Azucar in the Guest House
“Sarita, I have a large package for you,” said Garcia the mailman. “I can tell by your obvious expression, this must be very important to you.” He hands her the box along with a few pieces of mail.
“Gracias Señor Garcia,” she responds looking at the address with a smile.
“I can smell your abuella is preparing dinner, please tell her I said hello.”
“Si, Señor Garcia, I will tell my grandmother when I go inside.”
Sara, or Sarita as she is known by friends and family in the Miami neighborhood of Wynwood, waited for Garcia to close the gate and drive to the next house. She glanced once more at the package and then ran toward the guest house in the back. In the process, she dropped the mail on the steps, and permeated the aromatic scent of jasmine bushes aside the narrow path of her abuella’s casa.
Inside the guest house Sara prepared to open the package that arrived from New York. First, she looked out the window to make sure her abuella didn’t see the contents of the package. She holds the highest respect for her abuella, now 78, who raised her since she was seven. Sara left Cuba on a boat with her mother and two cousins for the shores of Florida. They were fifty miles away from freedom when the boat capsized in a midnight storm. A line of pre-dawn pedestrian clouds were enhanced by bright flashes. Her cousin looked up and yelled to the sky where a United States Coast Guard helicopter spotted them. Soon a coast guard vessel arrived and brought them to Miami. On the ship Sara looked at her cousin to realize no one else survived. He held her as she cried aloud with the loss of her mom.
After high school Sara won a scholarship to a performing arts school in New York for dance. She made a lot of friends. One friend in particular told her about a burlesque show that was hiring. Sara declined several times, and never mentioned the idea to her abuella when they spoke on the phone. However, after going to see one of the performances, she was convinced that the idea wasn’t too bad for some extra cash. Still, she could never tell this to a woman who raised her with Salsa dancing on Saturday’s and service at St. Anthony’s Catholic Church on Sundays.
Four years later, she was back in Wynwood living in her abuella’s guest house. Sara looked for jobs at various dance studios as an instructor, and applied for positions in Performance Theater companies. She knew ballet, ballroom dancing, and even, burlesque, she just needed a job in a very competitive field.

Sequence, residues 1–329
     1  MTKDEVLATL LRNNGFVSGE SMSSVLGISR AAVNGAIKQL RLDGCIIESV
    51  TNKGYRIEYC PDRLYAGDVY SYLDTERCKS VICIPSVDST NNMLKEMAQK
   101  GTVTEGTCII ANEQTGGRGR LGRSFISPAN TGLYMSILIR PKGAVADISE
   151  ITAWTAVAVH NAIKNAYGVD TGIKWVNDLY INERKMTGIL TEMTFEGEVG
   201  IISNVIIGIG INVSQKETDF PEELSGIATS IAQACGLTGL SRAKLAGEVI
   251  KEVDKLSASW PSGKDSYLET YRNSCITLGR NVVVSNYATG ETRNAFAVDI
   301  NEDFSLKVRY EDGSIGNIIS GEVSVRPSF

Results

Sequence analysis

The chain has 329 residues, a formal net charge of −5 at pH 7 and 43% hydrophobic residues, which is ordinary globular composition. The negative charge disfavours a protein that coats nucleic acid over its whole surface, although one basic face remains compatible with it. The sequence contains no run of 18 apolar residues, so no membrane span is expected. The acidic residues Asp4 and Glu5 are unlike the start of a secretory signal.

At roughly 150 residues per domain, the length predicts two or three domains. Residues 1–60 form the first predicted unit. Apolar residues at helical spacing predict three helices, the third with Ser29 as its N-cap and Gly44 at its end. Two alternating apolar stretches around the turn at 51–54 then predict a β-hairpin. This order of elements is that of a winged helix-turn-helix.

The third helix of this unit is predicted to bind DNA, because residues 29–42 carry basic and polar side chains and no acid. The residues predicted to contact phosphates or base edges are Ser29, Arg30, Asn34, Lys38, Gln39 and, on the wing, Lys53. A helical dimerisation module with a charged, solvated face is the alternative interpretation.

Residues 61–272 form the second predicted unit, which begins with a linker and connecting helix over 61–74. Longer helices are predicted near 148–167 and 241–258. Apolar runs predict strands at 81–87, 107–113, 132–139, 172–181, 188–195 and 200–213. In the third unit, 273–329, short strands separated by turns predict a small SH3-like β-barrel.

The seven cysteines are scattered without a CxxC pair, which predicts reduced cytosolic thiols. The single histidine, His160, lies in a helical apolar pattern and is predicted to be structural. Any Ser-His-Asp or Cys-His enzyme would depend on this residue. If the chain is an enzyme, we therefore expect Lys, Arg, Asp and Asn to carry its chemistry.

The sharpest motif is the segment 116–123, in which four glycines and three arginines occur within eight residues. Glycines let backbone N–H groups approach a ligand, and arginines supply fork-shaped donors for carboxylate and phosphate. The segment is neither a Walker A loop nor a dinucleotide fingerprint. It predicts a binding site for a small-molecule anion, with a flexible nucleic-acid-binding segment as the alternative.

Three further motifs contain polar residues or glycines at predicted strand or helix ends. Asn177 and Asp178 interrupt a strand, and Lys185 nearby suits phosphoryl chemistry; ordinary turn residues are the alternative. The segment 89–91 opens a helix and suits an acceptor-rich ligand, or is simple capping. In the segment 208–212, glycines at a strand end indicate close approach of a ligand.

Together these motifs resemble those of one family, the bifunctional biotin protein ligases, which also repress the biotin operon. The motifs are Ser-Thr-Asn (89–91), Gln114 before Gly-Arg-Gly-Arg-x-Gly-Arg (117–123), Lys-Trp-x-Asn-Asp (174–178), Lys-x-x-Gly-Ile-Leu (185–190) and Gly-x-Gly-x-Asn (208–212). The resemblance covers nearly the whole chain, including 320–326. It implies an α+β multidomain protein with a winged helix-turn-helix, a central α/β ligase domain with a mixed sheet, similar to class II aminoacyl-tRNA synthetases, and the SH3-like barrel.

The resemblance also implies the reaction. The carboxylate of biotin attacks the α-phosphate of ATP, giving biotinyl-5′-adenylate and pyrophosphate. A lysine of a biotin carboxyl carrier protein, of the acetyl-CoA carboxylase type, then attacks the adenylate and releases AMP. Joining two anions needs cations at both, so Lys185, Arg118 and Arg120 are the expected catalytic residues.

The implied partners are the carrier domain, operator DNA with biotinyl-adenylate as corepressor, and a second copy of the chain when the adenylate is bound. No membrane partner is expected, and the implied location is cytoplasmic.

One evening after dinner, she was on the phone with her roommate from New York. While on the phone she was looking through some boxes of albums in the closet of the guest house when came across a collection of Celia Cruz albums. “Do you remember the mixed compact disc of Celia Cruz’s, “Azucar Negra” I played when I danced burlesque?” Sara asked Julia.
“Sure, I still have it with a few other things, like your outfits,” Julia responded with a laugh. “I’ll send it to you, if you like. Perhaps you can find a job doing burlesque again.”
Sara paused for a moment while letting her fingers roll through her abuella’s albums. “Ok, send it. Just be sure to text me the day you mail the package.” The following day Sara received a text, and for the next four days she sat on the porch steps in anticipation. Although she knew her abuella wouldn’t deliberately open the package, she had been known to disregard the name of the addressee, mostly because of habit.
In the guest house, Sara pulled down the two blinds and locked the door. She pulled out one of the outfits, a corset, and the compact disc. Sara placed the music inside her portable compact disc player, turned the volume up, and with her burlesque outfit on, she danced.
Meanwhile, her abuella received a knock on the door from Garcia. “Buenos Tardes, Señorita Marisol. I was driving back and I noticed the mail I gave Sarita was on the porch and sidewalk. Is everything ok?”
“Si, I hope so. Muchas gracias,” Marisol said as she walked back to the guest house. She could hear the music as she approached. She knocked two times, but no response. “Oh Sarita, why must you play the music so loud,” she thought. Deep inside her apron were two spare keys that she always kept, one for the front door and the other for the guest house. She opened the door: “Sarita! Dios Mio! My God Sarita what are you wearing?”
“Abuella, I’m sorry.”
Marisol looked around and grabbed the comforter off the bed. “You need to cover up. I never taught you this…I knew New York was going to change you.” As she approached an embarrassed and petrified Sara, she stopped to look at the portable compact disc player. “Do I hear Celia’s ‘Azucar Negra’?”
“Yes. It’s a mix of that album with other beats I used when I—”
“When you what Sarita? You’re not one of those dancers who strip? Are you?”
“Well…Bueno.” The two hugged and then Marisol looked up the little girl she raised. “There is only one thing I can do now to correct this situation,” Marisol said with a smile. “If we’re going listen to Celia Cruz, then we must dance, but first put some normal clothes on.”
Sara and Marisol danced and yelled out ‘Azucar,’ in a spirited manner.
Azucar in the Guest House was a contest entry story.